cover image Disfortune: Poems

Disfortune: Poems

Joe Wenderoth. Wesleyan University Press, $26 (84pp) ISBN 978-0-8195-2222-1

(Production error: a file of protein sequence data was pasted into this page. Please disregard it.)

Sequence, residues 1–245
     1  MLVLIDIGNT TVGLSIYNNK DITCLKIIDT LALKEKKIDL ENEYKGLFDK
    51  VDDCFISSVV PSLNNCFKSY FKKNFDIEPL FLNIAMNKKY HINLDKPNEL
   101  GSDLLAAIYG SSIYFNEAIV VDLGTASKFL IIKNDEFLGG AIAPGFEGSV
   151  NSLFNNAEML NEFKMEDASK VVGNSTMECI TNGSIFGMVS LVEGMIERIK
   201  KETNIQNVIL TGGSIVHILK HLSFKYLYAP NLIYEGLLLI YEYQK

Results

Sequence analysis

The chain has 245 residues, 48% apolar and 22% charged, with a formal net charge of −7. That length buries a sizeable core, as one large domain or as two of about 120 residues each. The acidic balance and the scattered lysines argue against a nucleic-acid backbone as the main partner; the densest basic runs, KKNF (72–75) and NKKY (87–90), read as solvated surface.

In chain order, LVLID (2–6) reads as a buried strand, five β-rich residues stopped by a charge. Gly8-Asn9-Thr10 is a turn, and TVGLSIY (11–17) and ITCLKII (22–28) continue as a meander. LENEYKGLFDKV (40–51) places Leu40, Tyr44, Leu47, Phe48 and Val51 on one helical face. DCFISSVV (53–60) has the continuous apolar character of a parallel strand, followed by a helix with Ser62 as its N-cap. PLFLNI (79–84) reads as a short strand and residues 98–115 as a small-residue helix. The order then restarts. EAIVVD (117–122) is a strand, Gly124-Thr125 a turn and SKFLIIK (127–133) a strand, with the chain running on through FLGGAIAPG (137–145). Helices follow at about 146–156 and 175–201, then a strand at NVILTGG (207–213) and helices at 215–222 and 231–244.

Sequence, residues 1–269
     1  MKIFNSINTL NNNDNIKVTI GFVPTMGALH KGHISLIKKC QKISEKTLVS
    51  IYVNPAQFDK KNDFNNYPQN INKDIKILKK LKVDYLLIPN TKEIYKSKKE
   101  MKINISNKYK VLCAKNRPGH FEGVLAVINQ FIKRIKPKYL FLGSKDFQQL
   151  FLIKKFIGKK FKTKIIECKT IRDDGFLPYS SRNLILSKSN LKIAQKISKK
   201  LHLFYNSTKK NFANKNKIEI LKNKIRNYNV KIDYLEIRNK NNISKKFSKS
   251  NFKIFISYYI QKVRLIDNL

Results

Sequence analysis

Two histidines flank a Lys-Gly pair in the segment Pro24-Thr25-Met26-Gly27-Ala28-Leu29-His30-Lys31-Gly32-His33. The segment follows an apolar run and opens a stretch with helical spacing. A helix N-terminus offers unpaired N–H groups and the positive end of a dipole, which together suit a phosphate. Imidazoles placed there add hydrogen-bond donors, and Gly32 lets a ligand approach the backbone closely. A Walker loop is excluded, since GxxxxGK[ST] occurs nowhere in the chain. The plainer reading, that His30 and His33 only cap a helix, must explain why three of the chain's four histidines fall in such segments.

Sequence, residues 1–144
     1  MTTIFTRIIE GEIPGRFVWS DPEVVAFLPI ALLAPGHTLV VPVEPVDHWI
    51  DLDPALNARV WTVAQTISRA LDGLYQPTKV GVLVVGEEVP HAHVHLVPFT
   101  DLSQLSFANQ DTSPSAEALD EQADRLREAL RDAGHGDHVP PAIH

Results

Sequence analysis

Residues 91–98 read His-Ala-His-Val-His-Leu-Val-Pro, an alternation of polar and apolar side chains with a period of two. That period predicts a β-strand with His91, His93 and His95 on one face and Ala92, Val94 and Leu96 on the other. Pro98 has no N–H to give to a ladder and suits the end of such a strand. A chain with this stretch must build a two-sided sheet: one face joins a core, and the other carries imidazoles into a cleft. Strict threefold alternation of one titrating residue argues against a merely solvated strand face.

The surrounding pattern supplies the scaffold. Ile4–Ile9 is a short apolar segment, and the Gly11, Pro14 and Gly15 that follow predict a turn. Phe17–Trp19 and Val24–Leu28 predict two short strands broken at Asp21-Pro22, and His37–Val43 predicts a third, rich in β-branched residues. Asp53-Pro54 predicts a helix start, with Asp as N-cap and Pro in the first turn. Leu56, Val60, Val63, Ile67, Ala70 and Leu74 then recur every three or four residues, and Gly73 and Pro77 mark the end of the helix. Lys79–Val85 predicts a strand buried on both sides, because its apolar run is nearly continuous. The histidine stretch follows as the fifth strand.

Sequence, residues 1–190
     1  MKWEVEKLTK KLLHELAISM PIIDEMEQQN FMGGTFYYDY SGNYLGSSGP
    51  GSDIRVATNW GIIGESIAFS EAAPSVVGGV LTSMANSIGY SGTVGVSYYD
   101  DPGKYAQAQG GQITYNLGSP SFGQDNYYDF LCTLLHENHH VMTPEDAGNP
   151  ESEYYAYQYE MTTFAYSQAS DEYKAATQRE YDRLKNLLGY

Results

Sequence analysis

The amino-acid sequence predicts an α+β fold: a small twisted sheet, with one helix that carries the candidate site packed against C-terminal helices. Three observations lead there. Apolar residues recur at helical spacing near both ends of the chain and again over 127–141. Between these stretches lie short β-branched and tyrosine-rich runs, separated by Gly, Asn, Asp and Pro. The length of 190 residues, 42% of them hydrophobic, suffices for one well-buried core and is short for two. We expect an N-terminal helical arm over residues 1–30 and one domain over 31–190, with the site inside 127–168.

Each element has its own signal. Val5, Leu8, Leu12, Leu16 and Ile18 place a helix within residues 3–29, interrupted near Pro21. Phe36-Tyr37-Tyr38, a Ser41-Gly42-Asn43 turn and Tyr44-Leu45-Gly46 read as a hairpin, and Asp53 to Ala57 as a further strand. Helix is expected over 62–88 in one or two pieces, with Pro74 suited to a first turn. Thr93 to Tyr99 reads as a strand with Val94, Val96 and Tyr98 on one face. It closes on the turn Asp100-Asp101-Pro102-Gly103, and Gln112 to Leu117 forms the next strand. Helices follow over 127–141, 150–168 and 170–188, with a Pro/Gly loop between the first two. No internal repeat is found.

This volume introduces a poet and some impressive poems in which he uses tangible imagery to depict the elusiveness of experience. ``Detailed History of the Western World'' reads, in its entirety: ``where the river gets swift/ my grandfather stops rowing/ turns round/ and with one oar/ sweeps a row-boat full of cats/ into water so black/ you could say/ it was almost anything.'' Two poems pay direct homage to Wallace Stevens, and another pays moving tribute to William Carlos Williams. Like Stevens, Wenderoth has a passion for philosophical ideas; at the same time he follows Williams's dictum: no ideas but in things. The result is poetry that is intellectually charged but whose final fidelity is to the senses. Despite the constant hum of thinking, these tightly compressed poems exhibit an acute awareness of the transience of any given thought. (Aug.)